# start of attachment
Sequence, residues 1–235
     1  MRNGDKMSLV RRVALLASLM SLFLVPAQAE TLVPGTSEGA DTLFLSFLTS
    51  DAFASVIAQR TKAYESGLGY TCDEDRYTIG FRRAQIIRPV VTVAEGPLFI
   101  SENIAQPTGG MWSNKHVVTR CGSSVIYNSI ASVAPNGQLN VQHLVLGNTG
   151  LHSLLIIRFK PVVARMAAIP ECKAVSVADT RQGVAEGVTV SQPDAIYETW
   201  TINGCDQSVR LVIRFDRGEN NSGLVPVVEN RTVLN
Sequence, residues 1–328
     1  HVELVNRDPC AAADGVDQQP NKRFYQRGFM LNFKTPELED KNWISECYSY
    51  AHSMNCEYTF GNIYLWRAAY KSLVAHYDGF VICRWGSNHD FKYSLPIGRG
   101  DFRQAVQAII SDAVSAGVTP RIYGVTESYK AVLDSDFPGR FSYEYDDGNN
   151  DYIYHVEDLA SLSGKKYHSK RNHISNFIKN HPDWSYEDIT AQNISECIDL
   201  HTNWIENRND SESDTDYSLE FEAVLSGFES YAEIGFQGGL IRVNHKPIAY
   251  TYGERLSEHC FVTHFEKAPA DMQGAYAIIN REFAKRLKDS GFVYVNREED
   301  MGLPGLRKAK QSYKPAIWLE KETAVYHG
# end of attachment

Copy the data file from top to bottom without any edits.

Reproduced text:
Sequence, residues 1–235
     1  MRNGDKMSLV RRVALLASLM SLFLVPAQAE TLVPGTSEGA DTLFLSFLTS
    51  DAFASVIAQR TKAYESGLGY TCDEDRYTIG FRRAQIIRPV VTVAEGPLFI
   101  SENIAQPTGG MWSNKHVVTR CGSSVIYNSI ASVAPNGQLN VQHLVLGNTG
   151  LHSLLIIRFK PVVARMAAIP ECKAVSVADT RQGVAEGVTV SQPDAIYETW
   201  TINGCDQSVR LVIRFDRGEN NSGLVPVVEN RTVLN
Sequence, residues 1–328
     1  HVELVNRDPC AAADGVDQQP NKRFYQRGFM LNFKTPELED KNWISECYSY
    51  AHSMNCEYTF GNIYLWRAAY KSLVAHYDGF VICRWGSNHD FKYSLPIGRG
   101  DFRQAVQAII SDAVSAGVTP RIYGVTESYK AVLDSDFPGR FSYEYDDGNN
   151  DYIYHVEDLA SLSGKKYHSK RNHISNFIKN HPDWSYEDIT AQNISECIDL
   201  HTNWIENRND SESDTDYSLE FEAVLSGFES YAEIGFQGGL IRVNHKPIAY
   251  TYGERLSEHC FVTHFEKAPA DMQGAYAIIN REFAKRLKDS GFVYVNREED
   301  MGLPGLRKAK QSYKPAIWLE KETAVYHG